The Zam-Zam holy well is nearby and is believed to have quenched the thirst of Hagar and her child in the wilderness. (Genesis 21:19). Arabs from all over the peninsula made an annual pilgrimage to Mecca, performing traditional rites over a period of several days. Mohammad eventually destroyed all the idols in and around the Ka’ba, and re-dedicated it to the One God, Allah, and the annual pilgrimage became the Hajj, the rite and duty of all Believers.
The historian Ibn Ishaq tells of a reconstruction of the Ka’ba when Mohammad was a boy. A quarrel broke out between the Meccan clans as to which clan should set the Black Stone in place. The solution was to ask the first person who entered the Sanctuary from outside to be the judge. The young Mohammad was the first to do so. He put the stone on to a heavy cloth and had all the clan elders take part of the cloth to raise it and thus share in the task equally.
Less than one hundred years after Mohammad’s death in 632 the first Muslim historians began to write about his life. These were Muhammad ibn Ishaq (d. 767), Muhammad ibn ‘Umar al-Waqidi (d. c. 820); Muhammad ibn Sa’d (d. 845); and Abu Jarir at-Tabari (d. 923). These scholars reconstructed their narrative from oral traditions and early documents, and through their effort we know more about Mohammad than we do any other Prophet.
Nevertheless we need to keep in mind that the stories of Mohammad’s life were written to satisfy contemporary norms and included miraculous and legendary stories that might be misinterpreted today. As we have noted with the stories surrounding the Axial Sages, the Old Testament and the Gospels, such accounts are not to be taken literally. According to Reza Aslan they “function as prophetic topos: a conventional literacy theme that can be found in most mythologies. Like the infancy narratives in the Gospels, these stories are not intended to relate historical events, but to elucidate the mystery of the prophetic experience. They answer the questions: What does it mean to be a prophet? … It is not important whether the stories describing the childhood of Muhammad, Jesus or David are true. What is important is what these stories say about our prophets, our messiahs, our kings: that theirs is a holy and eternal vocation, established by God from the moment of creation.” (No god but God, The Origins, Evolution, and Future of Islam, Reza Aslan.)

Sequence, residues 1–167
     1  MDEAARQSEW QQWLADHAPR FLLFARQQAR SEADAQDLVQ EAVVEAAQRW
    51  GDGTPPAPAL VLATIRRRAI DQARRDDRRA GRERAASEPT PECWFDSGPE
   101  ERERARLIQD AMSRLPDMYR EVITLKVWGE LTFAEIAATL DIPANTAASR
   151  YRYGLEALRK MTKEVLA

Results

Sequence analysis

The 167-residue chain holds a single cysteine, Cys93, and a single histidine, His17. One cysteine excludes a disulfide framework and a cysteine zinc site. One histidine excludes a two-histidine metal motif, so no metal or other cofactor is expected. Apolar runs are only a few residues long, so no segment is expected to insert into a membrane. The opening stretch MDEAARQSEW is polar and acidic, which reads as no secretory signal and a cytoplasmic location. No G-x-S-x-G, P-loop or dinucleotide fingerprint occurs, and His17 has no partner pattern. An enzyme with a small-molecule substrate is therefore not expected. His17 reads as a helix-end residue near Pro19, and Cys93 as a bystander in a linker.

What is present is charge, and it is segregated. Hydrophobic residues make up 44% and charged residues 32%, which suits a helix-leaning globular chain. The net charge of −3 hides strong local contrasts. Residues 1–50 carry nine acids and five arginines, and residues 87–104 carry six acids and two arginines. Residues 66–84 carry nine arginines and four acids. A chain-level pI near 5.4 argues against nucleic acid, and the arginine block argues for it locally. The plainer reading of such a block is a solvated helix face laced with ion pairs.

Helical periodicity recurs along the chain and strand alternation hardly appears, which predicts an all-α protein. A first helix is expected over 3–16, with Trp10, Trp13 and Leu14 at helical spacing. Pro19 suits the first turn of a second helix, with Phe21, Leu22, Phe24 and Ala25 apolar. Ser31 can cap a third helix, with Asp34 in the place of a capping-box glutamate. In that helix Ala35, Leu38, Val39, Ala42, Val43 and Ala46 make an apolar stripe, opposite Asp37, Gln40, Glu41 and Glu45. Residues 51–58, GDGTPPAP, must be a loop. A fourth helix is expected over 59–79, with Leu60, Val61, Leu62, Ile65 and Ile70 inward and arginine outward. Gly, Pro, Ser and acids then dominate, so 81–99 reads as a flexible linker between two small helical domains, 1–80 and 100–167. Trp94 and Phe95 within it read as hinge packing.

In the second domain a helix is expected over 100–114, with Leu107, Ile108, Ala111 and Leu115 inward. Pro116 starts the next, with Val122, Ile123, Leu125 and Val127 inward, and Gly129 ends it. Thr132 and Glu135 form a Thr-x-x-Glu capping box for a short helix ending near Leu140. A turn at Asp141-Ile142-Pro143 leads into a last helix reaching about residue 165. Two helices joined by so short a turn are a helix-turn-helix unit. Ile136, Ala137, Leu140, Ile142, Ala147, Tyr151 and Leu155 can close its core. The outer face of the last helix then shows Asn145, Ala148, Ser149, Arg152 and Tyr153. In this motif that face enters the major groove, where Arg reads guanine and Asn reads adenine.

Not much is known about his early childhood, but according to tradition Mohammad was born in Mecca in 570, the year known as the year of the Elephant, in which Mecca was miraculously saved (see below). He was a Quraysh from the clan of Hashim. Many stories surround his childhood and birth, which was announced in a tale similar to the Christian story of Mary: Mohammad’s mother, a widow named Amina, one day heard a voice say to her: “You carry in your womb the lord of this people, and when he is born, say: ‘I place him beneath the protection of the One, from the evil of every envious person’, then name him Muhammad.”
The Year of the Elephant